‘Numbers alone aren’t enough’: an interview with Caroline Chen

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Caroline Chen covers healthcare for ProPublica, and while she doesn’t consider herself a “data journalist,” her reporting frequently draws from and analyzes large datasets. Since early March, she has been publishing columns about how reporters can responsibly use data in their writing during the coronavirus pandemic. 

The key for journalists, Chen says, is to understand that data collection is a way to understand what’s happening to people. This interview has been edited for clarity and brevity. 

 

When we don’t acknowledge that things are confusing or contradictory, or maybe hard, we’re doing a disservice to readers. When I start to sense that there is a contradiction in messaging, that’s when I think, I need to write about this.

 

How did the ProPublica column start?

I was about to go to NICAR, the data journalism conference, to do a panel on covering the coronavirus. One of my editors said, “You should write that up.” The headline was, “I lived through SARS and reported on Ebola. These are the questions we should be asking about Coronavirus.” 

I thought it was going to be limited to a very wonky audience. I did math in the post! I intended it as a guide for reporters. Then we got a ton of traffic. So many people wrote to me. That made me realize that there is a hunger for this. Smart readers want a clear explanation of all the numbers that are being thrown around in the news. First-person allows me to acknowledge parts that are confusing or contradictory. 

Right now, the public wants to know, “Hey, if I get infected, how likely is it that I’m going to die?” That is a super reasonable question. My job as a reporter is to explain, “It’s very hard for me to give you the answer.” And that is what I’m trying to convey as I write these columns—not only what available data there is, but also the process through which scientists or researchers or doctors have gotten to that number and what more work needs to be done to come to a better answer in the future.

 

How do you toe the line between communicating what you know and pointing out the unknowable?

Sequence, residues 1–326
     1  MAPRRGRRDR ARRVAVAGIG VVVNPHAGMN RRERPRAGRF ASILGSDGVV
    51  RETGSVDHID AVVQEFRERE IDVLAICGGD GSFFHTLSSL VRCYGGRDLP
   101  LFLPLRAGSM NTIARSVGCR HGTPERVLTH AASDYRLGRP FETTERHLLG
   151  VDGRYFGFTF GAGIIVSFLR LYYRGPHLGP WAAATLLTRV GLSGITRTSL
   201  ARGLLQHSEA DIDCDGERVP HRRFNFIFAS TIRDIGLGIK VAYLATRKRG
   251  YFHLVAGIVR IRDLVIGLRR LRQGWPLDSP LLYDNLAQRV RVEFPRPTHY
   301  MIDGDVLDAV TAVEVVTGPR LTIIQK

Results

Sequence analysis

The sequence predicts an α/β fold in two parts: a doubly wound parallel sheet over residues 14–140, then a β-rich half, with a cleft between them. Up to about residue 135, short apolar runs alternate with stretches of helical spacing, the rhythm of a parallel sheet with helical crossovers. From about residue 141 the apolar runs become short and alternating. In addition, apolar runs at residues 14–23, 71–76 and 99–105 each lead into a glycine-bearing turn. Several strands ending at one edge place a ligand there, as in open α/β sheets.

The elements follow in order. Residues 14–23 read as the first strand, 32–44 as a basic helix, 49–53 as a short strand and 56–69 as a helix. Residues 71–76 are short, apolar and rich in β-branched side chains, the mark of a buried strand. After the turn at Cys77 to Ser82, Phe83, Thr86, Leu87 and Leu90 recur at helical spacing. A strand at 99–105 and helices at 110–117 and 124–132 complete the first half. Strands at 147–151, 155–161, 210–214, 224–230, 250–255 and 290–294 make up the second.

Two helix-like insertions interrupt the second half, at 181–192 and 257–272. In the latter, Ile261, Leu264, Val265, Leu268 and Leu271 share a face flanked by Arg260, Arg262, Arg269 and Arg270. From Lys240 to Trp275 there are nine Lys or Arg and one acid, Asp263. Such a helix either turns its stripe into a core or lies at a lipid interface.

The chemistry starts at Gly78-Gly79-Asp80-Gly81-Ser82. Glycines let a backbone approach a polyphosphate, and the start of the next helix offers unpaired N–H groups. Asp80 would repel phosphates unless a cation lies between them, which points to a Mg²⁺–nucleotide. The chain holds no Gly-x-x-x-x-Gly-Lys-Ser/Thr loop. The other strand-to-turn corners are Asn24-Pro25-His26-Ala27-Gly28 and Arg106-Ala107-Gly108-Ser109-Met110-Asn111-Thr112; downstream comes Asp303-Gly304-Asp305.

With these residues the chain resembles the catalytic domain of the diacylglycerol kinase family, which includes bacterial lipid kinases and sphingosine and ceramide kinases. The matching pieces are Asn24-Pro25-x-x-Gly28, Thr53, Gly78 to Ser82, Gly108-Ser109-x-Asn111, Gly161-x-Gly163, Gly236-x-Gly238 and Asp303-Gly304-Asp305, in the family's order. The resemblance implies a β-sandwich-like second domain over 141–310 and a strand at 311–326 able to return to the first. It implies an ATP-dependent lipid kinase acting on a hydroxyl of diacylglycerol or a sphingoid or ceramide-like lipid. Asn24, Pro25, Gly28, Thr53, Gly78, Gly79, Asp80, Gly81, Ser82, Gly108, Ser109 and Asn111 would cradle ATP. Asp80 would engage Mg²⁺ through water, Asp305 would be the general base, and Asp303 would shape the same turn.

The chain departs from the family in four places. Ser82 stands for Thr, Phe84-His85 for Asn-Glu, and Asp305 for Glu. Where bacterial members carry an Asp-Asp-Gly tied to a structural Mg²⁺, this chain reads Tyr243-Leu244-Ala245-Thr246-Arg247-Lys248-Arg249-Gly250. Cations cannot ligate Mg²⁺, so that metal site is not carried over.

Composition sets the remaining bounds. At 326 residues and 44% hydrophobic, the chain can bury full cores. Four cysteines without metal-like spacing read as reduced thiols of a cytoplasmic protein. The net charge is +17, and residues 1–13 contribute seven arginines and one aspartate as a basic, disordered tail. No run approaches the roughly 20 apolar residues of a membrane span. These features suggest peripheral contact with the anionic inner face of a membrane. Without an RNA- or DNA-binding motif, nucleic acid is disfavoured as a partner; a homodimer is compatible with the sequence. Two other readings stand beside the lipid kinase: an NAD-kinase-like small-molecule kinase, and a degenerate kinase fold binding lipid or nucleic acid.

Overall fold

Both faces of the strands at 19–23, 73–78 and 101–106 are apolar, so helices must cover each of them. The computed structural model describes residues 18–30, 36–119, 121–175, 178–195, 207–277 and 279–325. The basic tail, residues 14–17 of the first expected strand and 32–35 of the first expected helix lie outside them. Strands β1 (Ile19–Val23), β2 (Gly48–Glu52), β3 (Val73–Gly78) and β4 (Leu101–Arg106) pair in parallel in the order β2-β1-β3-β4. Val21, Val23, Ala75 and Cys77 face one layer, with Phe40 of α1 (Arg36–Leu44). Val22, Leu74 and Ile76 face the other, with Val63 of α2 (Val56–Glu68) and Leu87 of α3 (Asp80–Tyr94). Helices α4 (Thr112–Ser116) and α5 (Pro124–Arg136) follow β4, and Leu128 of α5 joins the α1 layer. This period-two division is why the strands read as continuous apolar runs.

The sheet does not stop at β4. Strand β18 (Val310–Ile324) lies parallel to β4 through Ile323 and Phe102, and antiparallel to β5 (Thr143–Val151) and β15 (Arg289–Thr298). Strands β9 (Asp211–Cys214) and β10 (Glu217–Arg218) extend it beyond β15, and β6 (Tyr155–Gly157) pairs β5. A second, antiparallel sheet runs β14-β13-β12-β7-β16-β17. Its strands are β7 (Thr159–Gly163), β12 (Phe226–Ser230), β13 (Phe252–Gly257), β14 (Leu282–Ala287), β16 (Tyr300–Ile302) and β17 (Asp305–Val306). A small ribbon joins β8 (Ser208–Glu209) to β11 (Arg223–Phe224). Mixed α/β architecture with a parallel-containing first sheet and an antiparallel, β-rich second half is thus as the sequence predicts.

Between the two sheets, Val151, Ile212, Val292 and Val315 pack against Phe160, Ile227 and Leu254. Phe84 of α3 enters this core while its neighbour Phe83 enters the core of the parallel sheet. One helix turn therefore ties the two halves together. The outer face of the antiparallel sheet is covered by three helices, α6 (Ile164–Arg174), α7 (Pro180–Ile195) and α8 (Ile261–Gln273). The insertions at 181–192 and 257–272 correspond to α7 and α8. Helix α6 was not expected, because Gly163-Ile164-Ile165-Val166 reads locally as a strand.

I’m learning along with everybody else. To give you another very specific example: the question of how many people are infected. You have options, as a reporter. You could just record a number. You could say, “There are X people infected in Y location.” You could also say “There are fifty people infected, but that’s likely an undercount right now, because there are not enough diagnostic tests available, so we’re only testing the sickest people.” You’re giving some context around that number—that’s already more helpful. What would be even more ideal is to be able to say, “And we’ve got another type of test coming along—antibody tests. We’re going to be able to start doing randomized testing in our population to see who has had past infections which will allow us to estimate what percentage of the population in this city or in this state.” 

And then we really have to break that down into the difference between the diagnostic test and the antibody tests. Readers are smart enough to be able to understand and they’re actually hungry for that.  

If you don’t give them that context, one day, they’re going see a very small number of cases. Then, a month later, when you’ve done the antibody survey, they’re going to see a very jarring headline that says, “There are way more infections than we thought!” That’s when people can come out and say, “We’ve been lied to,” when that’s not actually the case. We’re just able to measure something different now.

 

What are some of the most common pitfalls in data interpretation, and how do you avoid them?

I think the first step is to get to know the data inside out. If it comes in a spreadsheet, I always try to make sure I know exactly what every row stands for, and what every column means, and I want to make sure I know what is in the universe of the dataset, and what’s been left out, before I even get started messing with any analysis. I can’t say anything smart about a dataset if I don’t really understand it properly in the first place. 

 

How do you train your brain to get beyond the obvious question to the question that is really going to give you a clear picture of what the numbers represent?

 

My first question is, What does the average person really want to know? And what are they going to hear? 

The public can feel when there are contradictions. And they might not be able to put their finger on what it is, but they can sense it. There was this back and forth on masks. People could feel that contradiction—why are you telling us that masks don’t work at all? But they work for health care workers? 

When we don’t acknowledge that things are confusing or contradictory, or maybe hard, we’re doing a disservice to readers. When I start to sense that there is a contradiction in messaging, that’s when I think, I need to write about this. And maybe I can’t give answers, but I want to at least call it out.

 

Can numbers tell a story? How should journalists who are accustomed to narrative forms report on data?

I think numbers can do a lot to strengthen a story and give weight to a narrative. That said, I think numbers alone aren’t enough. The reason I’m pursuing a story in the first place is because of the humans that the data represents.

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Lauren Harris is a CJR Delacorte Fellow. Follow her on Twitter @LHarrisWrites